$ sudo certbot --nginx -d yourdomainname.com -d www.yourdomainname.com

Let me break down the flag passed in the above command:

--nginx: Defines the certificate is to be installed in a Nginx web server. See the next step for Apache too.
-d: Point to the domain you want to provide a Certbot certificate for. You can configure multiple domain name simultaneously using this flag.

The above will work for domain names that are serving a content. However you can also provide certificate for a standalone domain name.

$ sudo certbot certonly --standalone -d yourdomainname.com -d www.yourdomainname.com 

Let’s Encrypt also make provision for Apache web server installation. Simply run

$sudo certbot --apache

Follow the prompt to complete the process with email address.

Verifying Certbot Auto-Renewal by query the status of the timer with systemctl:

Now that you have installed the certificates on your domain name in your web server, you can proceed to verify the certificates and also renew the installed certificates. You can do that in any of the ways listed below.

$ sudo systemctl status certbot.timer
$ sudo certbot renew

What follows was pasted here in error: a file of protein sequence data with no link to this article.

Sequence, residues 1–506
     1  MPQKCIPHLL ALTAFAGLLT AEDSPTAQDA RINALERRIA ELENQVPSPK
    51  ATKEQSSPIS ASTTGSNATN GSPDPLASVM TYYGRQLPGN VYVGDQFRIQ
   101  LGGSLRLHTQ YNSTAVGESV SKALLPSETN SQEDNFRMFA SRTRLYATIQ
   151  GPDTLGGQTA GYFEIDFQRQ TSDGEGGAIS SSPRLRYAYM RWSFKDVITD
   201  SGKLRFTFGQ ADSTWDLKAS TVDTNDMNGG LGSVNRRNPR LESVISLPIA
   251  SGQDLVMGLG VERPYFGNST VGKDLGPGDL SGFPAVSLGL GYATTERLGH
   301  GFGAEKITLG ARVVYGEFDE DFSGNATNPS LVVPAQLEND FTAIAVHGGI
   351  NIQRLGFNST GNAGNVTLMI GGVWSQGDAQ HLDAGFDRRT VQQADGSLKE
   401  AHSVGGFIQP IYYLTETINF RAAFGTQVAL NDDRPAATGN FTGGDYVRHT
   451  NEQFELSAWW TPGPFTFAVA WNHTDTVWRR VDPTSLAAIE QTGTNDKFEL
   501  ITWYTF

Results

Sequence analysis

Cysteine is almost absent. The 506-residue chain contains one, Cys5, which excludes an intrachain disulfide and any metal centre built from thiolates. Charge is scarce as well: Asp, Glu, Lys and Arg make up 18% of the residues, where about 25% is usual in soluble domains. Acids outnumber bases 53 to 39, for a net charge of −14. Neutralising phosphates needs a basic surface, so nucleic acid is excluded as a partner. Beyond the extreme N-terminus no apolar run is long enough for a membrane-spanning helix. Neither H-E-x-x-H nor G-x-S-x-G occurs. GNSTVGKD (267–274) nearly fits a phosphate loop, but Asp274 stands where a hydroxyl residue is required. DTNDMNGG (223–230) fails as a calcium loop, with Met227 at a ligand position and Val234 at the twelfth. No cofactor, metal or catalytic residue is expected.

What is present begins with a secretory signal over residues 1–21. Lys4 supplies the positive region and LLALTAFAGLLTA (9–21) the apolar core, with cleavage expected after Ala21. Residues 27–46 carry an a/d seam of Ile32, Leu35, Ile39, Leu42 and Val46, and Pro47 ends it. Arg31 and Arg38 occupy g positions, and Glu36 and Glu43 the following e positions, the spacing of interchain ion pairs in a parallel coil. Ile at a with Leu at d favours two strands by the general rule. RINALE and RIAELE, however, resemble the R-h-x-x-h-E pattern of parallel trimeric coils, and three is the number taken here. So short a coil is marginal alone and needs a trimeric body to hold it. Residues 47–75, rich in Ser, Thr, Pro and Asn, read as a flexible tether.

$ certbot certonly --force-renew -d example.com

You can also test the renewal process with a dry run with:

$ sudo certbot renew --dry-run

Just in the event you may need to do some more probing, you can check logs:

$sudo cat /var/log/nginx/error.log

After doing a good job of securing your business domain name, it is important to ensure the prompt renewal of the domain names. Let’s Encrypt usually renews it Certbot certificates every 3 months. You are likely to get a reminder email prior to the expiration day. You can make your machines crontab functionality auto renew your Certbot certificates.
Open the cron tab from your terminal.

$ crontab -e

Add the below code snipet to the bottom of the page. This ensure Let’s Encrypt perform holistic scan for expired certificates every day at 12 noon and renew if any.

0 12 * * * /usr/bin/certbot renew --quiet

You can also check the list of certificate that has been installed for each of your domain names.

$sudo certbot certificates

ERROR: An unexpected error occurred:
requests.exceptions.ConnectionError: HTTPSConnectionPool(host='acme-v02.api.letsencrypt.org', port=443): Max retries exceeded with url: /directory (Caused by NewConnectionError(': Failed to establish a new connection: [Errno -3] Temporary failure in name resolution'))


This happens during certbot installation of ssl on a domain name, or during renewal.
To resolve run

$sudo systemctl restart systemd-resolved.service. 

Then try reinstall the certificate again.
If that does not resolve it, you should check that your firewall or security group allow inbound and outbound traffic for ICM, and only allow ALL outbound rule for UDP and TCP connections. If it does not, you should allow them. Then retry installing the certbot ssl certificate.
Also make sure port 443 is open for HTTPS traffic.

That will be it for now. Thanks for always being here. Look out for my next post again. Cheers.